Schiff stated, "But now, we have Merrick Garland and an independent Justice Department. We have an attorney general who believes the rule of law -- so this is why we can have the answers."

Although Bannon has obstructed the Jan. 6 committee's decision, Trump aides who were subpoenaed seem to be in negotiations. The scheduled Thursday deposition of Kashyap Patel (ex-Defense Department official) was postponed, but Patel is still engaged with the panel, an aide to the committee said. To discuss confidential discussions, the aide requested anonymity.

The depositions of two other Trump employees -- the former White House chief-of-staff Mark Meadows and Dan Scavino, the longtime Trump social media director -- were set for Friday. However, both have been postponed. Patel and Meadows have been granted a "short delay" because he is engaging with the panel. Scavino's scheduled deposition has been rescheduled due to delays in serving his subpoena.

Beyond his lawyers' efforts to assert executive privilege, it is not clear to what extent Trump tried to influence his aides. The former president stated that the members of the committee must "hold themselves in criminal contempt" while adding "The people are not going for it!"

Other witnesses are cooperating including those who organized and staffed the Trump rally at the Ellipse, which was behind the White House. This was before the riot. The committee subpoenaed 11 organizers of the rally and gave them a Wednesday deadline for documents and records to be turned over. They were also asked to appear at scheduled depositions.

Lyndon Brentnall was among those who complied. His firm was contracted to provide security for Ellipse that day. Megan Powers, long-time Trump campaign staffer, and Hannah Salem, were also included. It is not clear if any of the other subpoenaed had complied.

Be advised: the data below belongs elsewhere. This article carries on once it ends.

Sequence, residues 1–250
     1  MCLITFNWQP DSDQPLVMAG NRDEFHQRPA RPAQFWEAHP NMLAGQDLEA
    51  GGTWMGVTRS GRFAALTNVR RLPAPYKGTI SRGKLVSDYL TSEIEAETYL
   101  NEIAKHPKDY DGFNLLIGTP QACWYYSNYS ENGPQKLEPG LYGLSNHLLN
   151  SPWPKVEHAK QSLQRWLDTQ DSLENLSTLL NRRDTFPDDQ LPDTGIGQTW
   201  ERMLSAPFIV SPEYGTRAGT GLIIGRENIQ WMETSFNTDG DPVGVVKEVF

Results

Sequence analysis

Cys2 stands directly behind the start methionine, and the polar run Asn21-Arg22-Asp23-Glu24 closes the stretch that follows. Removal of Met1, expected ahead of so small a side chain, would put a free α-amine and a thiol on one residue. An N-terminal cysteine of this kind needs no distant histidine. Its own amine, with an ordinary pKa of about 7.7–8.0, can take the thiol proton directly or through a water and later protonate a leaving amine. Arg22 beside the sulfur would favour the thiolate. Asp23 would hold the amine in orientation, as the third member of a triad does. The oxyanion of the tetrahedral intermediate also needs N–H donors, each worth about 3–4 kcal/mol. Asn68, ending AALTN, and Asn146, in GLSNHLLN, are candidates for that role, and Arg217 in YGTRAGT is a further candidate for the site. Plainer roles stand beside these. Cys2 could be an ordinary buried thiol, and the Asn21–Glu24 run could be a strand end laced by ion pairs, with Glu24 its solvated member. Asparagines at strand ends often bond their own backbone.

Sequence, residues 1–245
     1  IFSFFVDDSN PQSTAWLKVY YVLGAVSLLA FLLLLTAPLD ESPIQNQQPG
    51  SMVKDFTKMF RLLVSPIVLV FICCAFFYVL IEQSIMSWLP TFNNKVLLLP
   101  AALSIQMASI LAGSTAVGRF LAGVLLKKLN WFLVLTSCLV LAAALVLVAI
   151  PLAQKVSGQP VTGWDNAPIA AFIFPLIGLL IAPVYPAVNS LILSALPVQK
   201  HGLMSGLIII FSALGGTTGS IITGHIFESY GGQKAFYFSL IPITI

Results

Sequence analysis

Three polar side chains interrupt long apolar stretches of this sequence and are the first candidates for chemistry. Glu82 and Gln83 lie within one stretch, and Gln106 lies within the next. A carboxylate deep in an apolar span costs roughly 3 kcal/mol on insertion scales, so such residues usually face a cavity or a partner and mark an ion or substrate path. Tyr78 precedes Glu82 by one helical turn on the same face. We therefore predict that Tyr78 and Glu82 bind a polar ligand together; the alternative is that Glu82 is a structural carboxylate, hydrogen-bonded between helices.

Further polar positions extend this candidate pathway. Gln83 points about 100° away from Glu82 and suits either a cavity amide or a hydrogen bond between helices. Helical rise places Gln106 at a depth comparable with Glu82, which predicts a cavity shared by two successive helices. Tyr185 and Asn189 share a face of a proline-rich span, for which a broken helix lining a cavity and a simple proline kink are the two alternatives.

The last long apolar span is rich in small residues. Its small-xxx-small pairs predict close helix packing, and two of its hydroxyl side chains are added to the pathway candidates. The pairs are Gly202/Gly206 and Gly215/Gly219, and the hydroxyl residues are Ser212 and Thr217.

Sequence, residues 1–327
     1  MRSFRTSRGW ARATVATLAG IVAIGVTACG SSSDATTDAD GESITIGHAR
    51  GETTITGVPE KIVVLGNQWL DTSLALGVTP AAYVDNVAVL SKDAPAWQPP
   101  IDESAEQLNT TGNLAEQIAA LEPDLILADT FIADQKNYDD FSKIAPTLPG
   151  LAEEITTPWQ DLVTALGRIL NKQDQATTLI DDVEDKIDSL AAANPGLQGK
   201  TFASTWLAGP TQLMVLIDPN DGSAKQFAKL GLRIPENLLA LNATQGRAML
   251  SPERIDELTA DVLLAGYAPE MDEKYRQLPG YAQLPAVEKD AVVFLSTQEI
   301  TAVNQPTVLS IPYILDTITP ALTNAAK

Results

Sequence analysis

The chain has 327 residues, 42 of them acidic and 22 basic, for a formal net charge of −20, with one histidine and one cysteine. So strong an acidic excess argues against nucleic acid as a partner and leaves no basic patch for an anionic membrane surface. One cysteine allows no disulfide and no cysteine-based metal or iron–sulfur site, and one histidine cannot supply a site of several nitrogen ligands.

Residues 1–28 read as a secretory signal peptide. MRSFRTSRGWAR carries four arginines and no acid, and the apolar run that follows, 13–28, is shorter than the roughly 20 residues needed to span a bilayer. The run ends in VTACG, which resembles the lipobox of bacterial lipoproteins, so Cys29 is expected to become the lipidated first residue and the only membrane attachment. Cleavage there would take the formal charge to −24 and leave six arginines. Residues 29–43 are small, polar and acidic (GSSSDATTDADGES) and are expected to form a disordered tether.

Many of the rioters that stormed the Capitol Jan. 6 marched up to the National Mall after having attended at least some of Trump's rally. Trump repeated his meritless claims about election fraud and implored the crowd to fight like hell. Dozens upon dozens of officers were hurt when Trump supporters overpowered them and broke through doors and windows to disrupt the certification of Biden’s victory.

As they marched through Capitol, the rioters reiterated Trump's claim of widespread fraud. However, the state officials confirmed the election results and the courts upheld them. William Barr, Trump's attorney general, stated that the Justice Department had not found any evidence of widespread fraud that could have rewritten the results.

A subpoena was also issued by the panel to a former Justice Department lawyer, who was Trump's ally in his efforts to challenge the results.

Wednesday's announcement of Jeffrey Clark's demands for documents, testimony, and other information reflects the committee’s efforts to investigate not only the insurrection, but also the turmoil that rocked the Justice Department in weeks preceding it, as Trump and his allies relied on government lawyers to support their election claims.

Clark, the Trump administration's assistant attorney general, is a key character. Last week, a Senate committee report showed that Clark supported Trump's efforts to reverse the election results. He clashed with his department superiors, who refused to comply with the pressure. This culminated in a dramatic White House meeting where Trump contemplated elevating Clark to the position of attorney general.